Citation: WO Rocco distinguished himself when he volunteered to accompany a medical evacuation team on an urgent mission to evacuate 8 critically wounded Army of the Republic of Vietnam personnel. As the helicopter approached the landing zone, it became the target for intense enemy automatic weapons fire. Disregarding his own safety, WO Rocco identified and placed accurate suppressive fire on the enemy positions as the aircraft descended toward the landing zone. Sustaining major damage from the enemy fire, the aircraft was forced to crash land, causing WO Rocco to sustain a fractured wrist and hip and a severely bruised back. Ignoring his injuries, he extracted the survivors from the burning wreckage, sustaining burns to his own body. Despite intense enemy fire, WO Rocco carried each unconscious man across approximately 20 meters of exposed terrain to the Army of the Republic of Vietnam perimeter. On each trip, his severely burned hands and broken wrist caused excruciating pain, but the lives of the unconscious crash survivors were more important than his personal discomfort, and he continued his rescue efforts. Once inside the friendly position, WO Rocco helped administer first aid to his wounded comrades until his wounds and burns caused him to collapse and lose consciousness. His bravery under fire and intense devotion to duty were directly responsible for saving 3 of his fellow soldiers from certain death. His unparalleled bravery in the face of enemy fire, his complete disregard for his own pain and injuries, and his performance were far above and beyond the call of duty and were in keeping with the highest traditions of self-sacrifice and courage of the military service.

The Later Years

Rocco made a career of the Army and earned an associate's degree. In 1978, Rocco retired from the Army as a Chief Warrant Officer 2.

He returned to New Mexico and was named director of New Mexico's Veterans Service Commission. Among his accomplishments were the following; he established the Vietnam Veterans of New Mexico and opened a Vet Center, which provided peer counseling to Vietnam veterans. He started a shelter for the homeless and a nursing home for veterans, and persuaded New Mexico legislators and voters to let all veterans into state colleges free.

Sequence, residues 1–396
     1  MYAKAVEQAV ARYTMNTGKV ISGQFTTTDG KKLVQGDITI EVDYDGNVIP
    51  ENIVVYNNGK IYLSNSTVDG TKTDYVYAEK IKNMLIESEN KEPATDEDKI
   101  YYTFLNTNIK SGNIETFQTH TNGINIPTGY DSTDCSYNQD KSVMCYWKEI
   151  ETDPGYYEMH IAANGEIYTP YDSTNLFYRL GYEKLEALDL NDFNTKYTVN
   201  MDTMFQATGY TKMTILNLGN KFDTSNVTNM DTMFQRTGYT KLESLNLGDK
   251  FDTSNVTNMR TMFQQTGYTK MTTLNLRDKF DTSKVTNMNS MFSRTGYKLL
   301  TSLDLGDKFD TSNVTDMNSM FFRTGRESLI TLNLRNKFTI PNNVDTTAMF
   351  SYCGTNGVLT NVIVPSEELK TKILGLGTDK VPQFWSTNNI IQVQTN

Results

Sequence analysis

Rocco returned to active duty in 1991, during Operation Desert Storm and was stationed at Fort Sam Houston in San Antonio, TX. There he recruited medical personnel. When he returned to his home, he met the woman who was to become his fourth wife, Maria Chavez Schneider, an assistant director of New Mexico AIDS Services. In 1992, they moved to Mexico and lived for six years in the town of San Miguel de Allende. In 1998, they moved to San Antonio, TX. On 11 July 2000, Rocco was appointed the new Deputy State Director for Texas, in San Antonio. Rocco became instrumental in promoting Veterans Against Drugs, a growing nationwide program in the schools.

Medals and Awards

Medal of Honor
Bronze Star Medal
Purple Heart
National Defense Service Medal
Vietnam Service Medal
Southwest Asia Service Medal
Vietnam Cross of Gallantry with Palm Streamer
Vietnam Campaign Medal

Combat Medical Badge
Parachutist Badge


The local government of San Antonio, TX, honored Rocco by naming a youth center the Louis Rocco Youth & Family Center. There is also an AAAA National SFC Louis R. Rocco MOH $1,000 Scholarship.

Death and Burial

In 2002, Rocco was diagnosed with terminal lung cancer. On 31 October 2002, Chief Warrant Officer Louis R. Rocco died at his home in San Antonio. He was buried with full military honors at the Fort Sam Houston National Cemetery in San Antonio, TX.

He is survived by his wife, Maria; two sons, Roy and Brian; one daughter, Theresa; his mother, Lita Rocco and five grandchildren (Dell Rocco, Ashley Rocco, Cameron DuBois, James Richard Rocco, Thomas Rocco).

Honoree ID: 1071   Created by: MHOH